Simple Multiplayer Terrain Manager for Unity

Here is some code I wrote to load terrain only where the player is. We don’t load the entire map, just the current and neighboring areas.

We will store the terrain data in a dictionary that uses an X and Z coordinate system as a key (Unity uses Z for east-west).

0, 0 0, 1 0, 2
1, 0 1, 1 1, 2
2, 0 2, 1 2, 2

Pictured is the final result with one player at 0, 0 and another at 2, 4. Note this view is from the server where all terrain in use by clients must be loaded. Clients will only load what is needed for their view.

Since we are storing terrain in a dictionary, our TerrainKey will be important to understand. Here is how we assign a TerrainKey:

const int xMax = 3; // How many tiles our north-south is
const int zMax = 6; // How many tiles east-west is
const float terrainSize = 500.0f; // Size of each terrain tile

// Unity uses z instead of y for east-west
public TerrainKey(int x, int z)
{
    this.x = x;
    this.z = z;
}

// Get key from position
public TerrainKey(Vector3 pos)
{
    x = Mathf.FloorToInt(pos.x / terrainSize);
    z = Mathf.FloorToInt(pos.z / terrainSize);
}

// Might be outside range
public bool isValid()
{
    if (x < 0 || x >= xMax)
        return false;
    if (z < 0 || z >= zMax)
        return false;
    return true;
}

public override string ToString()
{
    // Also used when loading the terrain resource
    return string.Format("Terrain{0}_{1}", x, z);
}

Every second we will have our players report their position. We will also want to calculate the neighboring terrain. Note we are marking each grid spot when it is needed by saving a time value. The TerrainManager uses this to know what terrain to load or remove.

// Called by player objects
public static void reportLocation(Vector3 pos)
{
    if (instance == null)
        return;
    TerrainKey key = new TerrainKey(pos);
    if (!key.isValid())
    {
        Debug.Log("Player outside terrain area");
        return;
    }

    // Mark neighbors as being needed
    TerrainKey[] neighbors = key.getNeighbors();
    for (int i = 0; i < neighbors.Length; i++)
    {
        key = neighbors[i];
        instance.terrainDictionary[key].lastNeeded = Time.timeSinceLevelLoad + 1.0f;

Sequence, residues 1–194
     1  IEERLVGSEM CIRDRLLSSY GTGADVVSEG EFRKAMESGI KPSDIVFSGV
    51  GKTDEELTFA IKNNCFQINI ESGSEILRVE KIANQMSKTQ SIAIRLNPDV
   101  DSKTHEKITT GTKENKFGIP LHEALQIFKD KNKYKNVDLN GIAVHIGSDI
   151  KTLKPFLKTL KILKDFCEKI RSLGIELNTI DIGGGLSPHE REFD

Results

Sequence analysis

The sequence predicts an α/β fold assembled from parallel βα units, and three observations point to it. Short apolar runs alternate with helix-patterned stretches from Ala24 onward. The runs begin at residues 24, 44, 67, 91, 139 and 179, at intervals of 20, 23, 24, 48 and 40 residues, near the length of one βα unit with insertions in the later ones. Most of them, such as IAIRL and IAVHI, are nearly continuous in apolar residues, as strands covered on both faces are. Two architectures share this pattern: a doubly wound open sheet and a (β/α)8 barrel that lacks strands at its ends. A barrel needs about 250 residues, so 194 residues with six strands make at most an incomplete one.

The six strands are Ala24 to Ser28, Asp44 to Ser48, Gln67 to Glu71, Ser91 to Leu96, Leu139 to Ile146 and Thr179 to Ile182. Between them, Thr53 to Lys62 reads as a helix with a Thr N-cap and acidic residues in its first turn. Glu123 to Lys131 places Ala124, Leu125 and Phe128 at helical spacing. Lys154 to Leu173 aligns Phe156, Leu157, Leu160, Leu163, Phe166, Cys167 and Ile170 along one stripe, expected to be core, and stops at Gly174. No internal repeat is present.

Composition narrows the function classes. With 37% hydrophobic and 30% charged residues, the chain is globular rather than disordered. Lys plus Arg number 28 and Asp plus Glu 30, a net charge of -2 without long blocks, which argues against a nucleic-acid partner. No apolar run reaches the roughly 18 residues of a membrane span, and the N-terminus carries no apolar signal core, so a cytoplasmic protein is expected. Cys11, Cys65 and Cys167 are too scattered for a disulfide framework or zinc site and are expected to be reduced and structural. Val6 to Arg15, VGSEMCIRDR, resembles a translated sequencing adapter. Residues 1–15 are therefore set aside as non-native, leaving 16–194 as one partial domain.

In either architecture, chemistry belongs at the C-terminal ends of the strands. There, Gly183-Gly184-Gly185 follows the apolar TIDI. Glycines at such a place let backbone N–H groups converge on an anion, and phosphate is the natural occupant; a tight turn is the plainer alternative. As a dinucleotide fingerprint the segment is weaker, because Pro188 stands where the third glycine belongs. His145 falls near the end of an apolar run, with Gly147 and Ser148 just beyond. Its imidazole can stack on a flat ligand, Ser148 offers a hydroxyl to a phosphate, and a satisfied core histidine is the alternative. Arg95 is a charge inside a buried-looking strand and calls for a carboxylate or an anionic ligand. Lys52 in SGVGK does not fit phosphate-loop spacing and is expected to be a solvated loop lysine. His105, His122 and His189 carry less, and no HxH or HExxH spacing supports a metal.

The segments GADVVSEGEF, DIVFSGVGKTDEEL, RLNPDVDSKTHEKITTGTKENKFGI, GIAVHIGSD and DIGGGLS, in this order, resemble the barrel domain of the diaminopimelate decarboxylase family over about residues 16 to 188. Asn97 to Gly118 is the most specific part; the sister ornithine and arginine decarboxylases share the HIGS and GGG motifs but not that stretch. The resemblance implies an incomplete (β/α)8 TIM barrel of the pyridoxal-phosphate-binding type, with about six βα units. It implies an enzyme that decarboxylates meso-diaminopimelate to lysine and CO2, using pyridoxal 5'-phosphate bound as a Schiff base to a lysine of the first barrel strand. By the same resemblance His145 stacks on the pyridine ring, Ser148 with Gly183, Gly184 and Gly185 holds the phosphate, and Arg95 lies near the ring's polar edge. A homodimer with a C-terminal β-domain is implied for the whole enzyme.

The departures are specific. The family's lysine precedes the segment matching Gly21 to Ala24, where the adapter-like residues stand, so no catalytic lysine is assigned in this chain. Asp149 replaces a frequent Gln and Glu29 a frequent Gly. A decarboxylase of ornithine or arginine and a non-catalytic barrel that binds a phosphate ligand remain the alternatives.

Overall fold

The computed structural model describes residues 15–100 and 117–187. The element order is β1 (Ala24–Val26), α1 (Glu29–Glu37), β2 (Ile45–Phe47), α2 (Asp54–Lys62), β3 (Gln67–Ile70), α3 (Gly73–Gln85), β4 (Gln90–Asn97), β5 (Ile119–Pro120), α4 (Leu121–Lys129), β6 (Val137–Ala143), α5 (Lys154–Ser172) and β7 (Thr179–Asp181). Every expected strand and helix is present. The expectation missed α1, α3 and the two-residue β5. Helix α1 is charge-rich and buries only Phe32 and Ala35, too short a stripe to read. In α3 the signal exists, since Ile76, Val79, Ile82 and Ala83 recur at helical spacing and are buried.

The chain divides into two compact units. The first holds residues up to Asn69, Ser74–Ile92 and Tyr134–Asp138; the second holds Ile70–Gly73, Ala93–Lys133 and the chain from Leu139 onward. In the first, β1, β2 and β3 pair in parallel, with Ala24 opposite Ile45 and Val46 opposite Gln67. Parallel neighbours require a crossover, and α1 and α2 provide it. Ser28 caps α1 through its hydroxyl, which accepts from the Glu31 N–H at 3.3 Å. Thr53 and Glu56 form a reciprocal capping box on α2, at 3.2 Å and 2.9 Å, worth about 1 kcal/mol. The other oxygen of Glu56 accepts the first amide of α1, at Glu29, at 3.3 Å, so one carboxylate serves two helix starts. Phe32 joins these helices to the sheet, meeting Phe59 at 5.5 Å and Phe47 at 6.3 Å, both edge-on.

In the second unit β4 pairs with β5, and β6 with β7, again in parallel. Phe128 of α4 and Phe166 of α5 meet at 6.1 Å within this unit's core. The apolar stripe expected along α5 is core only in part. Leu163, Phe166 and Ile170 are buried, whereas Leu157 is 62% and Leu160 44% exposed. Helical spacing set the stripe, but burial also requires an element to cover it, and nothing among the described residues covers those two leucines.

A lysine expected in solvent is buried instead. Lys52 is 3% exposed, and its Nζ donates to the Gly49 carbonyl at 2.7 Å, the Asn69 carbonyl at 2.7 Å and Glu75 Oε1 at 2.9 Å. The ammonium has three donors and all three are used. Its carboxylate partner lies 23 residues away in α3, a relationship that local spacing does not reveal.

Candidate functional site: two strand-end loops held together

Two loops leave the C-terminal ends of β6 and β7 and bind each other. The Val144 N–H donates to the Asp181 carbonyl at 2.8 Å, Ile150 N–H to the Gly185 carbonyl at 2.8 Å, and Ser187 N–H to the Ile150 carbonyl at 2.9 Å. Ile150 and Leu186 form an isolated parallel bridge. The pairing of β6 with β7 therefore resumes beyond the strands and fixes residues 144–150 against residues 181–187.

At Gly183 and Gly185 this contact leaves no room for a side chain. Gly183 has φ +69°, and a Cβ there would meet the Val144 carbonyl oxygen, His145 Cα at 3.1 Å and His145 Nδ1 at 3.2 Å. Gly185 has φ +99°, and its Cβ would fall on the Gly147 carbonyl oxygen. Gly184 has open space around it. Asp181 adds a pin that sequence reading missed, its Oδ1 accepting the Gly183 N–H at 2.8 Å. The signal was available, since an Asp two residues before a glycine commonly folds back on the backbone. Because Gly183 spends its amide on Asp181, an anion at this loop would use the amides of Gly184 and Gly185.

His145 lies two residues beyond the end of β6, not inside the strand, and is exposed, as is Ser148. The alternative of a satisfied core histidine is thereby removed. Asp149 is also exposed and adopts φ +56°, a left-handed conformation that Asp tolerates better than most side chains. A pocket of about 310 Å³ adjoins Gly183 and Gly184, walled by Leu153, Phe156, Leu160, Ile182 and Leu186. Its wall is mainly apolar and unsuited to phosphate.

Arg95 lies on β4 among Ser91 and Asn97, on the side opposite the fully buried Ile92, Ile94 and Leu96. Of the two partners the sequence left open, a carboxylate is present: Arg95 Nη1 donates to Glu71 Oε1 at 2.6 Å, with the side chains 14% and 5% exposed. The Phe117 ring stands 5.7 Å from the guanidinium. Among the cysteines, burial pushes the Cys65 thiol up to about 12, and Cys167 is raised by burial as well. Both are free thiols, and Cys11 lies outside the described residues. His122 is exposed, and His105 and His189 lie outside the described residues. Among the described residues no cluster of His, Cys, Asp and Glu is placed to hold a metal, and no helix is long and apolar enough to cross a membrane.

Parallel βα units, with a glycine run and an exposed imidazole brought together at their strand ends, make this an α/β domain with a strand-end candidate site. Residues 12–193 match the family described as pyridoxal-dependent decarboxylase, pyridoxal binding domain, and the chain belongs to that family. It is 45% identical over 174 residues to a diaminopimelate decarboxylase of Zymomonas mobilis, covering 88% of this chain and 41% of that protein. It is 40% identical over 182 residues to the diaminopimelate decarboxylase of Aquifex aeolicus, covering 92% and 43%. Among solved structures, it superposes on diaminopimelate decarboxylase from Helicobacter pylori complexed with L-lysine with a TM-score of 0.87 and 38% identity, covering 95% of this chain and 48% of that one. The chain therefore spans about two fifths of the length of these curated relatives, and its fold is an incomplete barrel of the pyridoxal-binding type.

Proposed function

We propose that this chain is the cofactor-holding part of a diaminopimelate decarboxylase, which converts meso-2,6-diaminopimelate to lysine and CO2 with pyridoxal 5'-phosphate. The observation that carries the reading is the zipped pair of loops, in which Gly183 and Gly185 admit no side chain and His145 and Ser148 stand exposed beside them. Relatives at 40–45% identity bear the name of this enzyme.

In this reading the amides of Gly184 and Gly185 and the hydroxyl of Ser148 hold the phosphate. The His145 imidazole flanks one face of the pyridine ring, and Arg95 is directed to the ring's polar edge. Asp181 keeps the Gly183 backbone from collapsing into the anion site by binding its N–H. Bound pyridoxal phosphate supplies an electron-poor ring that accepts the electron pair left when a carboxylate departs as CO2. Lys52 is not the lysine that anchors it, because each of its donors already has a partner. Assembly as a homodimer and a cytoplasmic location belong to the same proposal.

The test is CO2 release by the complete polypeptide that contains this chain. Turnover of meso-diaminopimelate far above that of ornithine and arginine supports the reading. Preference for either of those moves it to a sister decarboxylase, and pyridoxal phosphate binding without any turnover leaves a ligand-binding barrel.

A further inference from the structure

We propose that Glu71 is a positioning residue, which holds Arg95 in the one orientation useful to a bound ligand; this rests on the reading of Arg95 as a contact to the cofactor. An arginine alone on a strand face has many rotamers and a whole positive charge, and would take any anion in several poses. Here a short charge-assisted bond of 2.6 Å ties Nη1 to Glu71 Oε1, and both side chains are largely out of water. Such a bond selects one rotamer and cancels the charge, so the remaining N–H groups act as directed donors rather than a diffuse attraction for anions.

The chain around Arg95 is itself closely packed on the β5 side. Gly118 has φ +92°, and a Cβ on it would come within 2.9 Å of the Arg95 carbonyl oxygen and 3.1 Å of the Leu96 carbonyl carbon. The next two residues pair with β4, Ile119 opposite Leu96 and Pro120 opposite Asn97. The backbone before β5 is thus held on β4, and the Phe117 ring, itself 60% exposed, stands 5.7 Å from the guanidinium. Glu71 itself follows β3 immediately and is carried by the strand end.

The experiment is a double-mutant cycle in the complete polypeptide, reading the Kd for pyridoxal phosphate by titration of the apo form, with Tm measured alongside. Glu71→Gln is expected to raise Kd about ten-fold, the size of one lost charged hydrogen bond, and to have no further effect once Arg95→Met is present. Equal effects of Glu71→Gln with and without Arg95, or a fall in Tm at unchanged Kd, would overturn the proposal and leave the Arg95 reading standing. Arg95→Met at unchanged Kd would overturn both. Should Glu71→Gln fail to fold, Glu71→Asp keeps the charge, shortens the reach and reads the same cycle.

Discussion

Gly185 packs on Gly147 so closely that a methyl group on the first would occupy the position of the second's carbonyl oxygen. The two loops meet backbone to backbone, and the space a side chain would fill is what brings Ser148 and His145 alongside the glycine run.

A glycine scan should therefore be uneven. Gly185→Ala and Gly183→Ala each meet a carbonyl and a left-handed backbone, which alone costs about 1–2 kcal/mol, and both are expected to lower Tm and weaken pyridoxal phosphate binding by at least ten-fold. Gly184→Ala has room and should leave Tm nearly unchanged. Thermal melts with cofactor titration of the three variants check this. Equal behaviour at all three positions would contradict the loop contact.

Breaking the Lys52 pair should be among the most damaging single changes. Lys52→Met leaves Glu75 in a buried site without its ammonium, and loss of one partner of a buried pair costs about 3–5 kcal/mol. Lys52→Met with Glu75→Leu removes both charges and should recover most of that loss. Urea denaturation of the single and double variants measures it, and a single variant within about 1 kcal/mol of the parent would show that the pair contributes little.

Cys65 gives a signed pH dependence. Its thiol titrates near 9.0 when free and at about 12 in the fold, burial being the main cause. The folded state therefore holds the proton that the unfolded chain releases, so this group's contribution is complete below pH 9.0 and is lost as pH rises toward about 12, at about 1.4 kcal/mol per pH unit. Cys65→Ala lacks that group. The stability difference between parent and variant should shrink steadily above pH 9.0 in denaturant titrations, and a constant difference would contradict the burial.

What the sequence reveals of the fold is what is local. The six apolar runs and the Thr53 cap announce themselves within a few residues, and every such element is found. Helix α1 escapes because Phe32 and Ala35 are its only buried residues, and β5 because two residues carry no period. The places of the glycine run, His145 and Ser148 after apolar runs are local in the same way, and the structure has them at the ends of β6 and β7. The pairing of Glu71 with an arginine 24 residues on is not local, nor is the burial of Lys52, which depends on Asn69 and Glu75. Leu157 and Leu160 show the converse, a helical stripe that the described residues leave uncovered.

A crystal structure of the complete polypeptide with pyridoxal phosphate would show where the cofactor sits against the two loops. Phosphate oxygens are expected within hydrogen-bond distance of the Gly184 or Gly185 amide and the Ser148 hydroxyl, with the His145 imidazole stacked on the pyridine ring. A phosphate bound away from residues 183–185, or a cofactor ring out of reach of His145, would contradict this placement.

}
}

Here is the function the TerrainManager is calling every second to check if it needs to load or remove terrain. Note we load the terrain resource asynchronously.

// As terrain is flagged as needed or not needed this routine will load or destroy terrain
IEnumerator manageDictionary()
{
    while (true)
    {
        foreach (var pair in terrainDictionary)
        {
            if (pair.Value.lastNeeded <= Time.timeSinceLevelLoad)
            {
                if (pair.Value.gameObject == null)
                    continue;

                // Don't need terrain so remove
                Destroy(pair.Value.gameObject);
            }
            else
            {
                if (pair.Value.gameObject != null)
                    continue;

                // Need terrain so load
                if (!pair.Value.isLoading)
                {
                    pair.Value.isLoading = true;
                    StartCoroutine(loadTerrain(pair));
                }
            }
        }

        // Check every second
        yield return new WaitForSeconds(1.0f);
    }
}

// Loads terrain from resource and sets to correct position
IEnumerator loadTerrain(KeyValuePair<TerrainKey, TerrainValue> pair)
{
    ResourceRequest request = Resources.LoadAsync(pair.Key.ToString());
    yield return null; // Starts again when LoadAsync is done

    TerrainData t = request.asset as TerrainData;
    pair.Value.gameObject = Terrain.CreateTerrainGameObject(t);
    pair.Value.gameObject.transform.position = pair.Key.getPos();
    pair.Value.isLoading = false;
}

When I have time I’d like to use Terrain.SetNeighbors though I don’t know how to measure performance yet.

If you know of a way to improve this, please let me know. Sample code at GitHub. Here is the link for TerrainManager.cs.

Thanks to PandawanFr at Reddit for convincing me to not make things so complicated. Unity’s streaming world demo is here.

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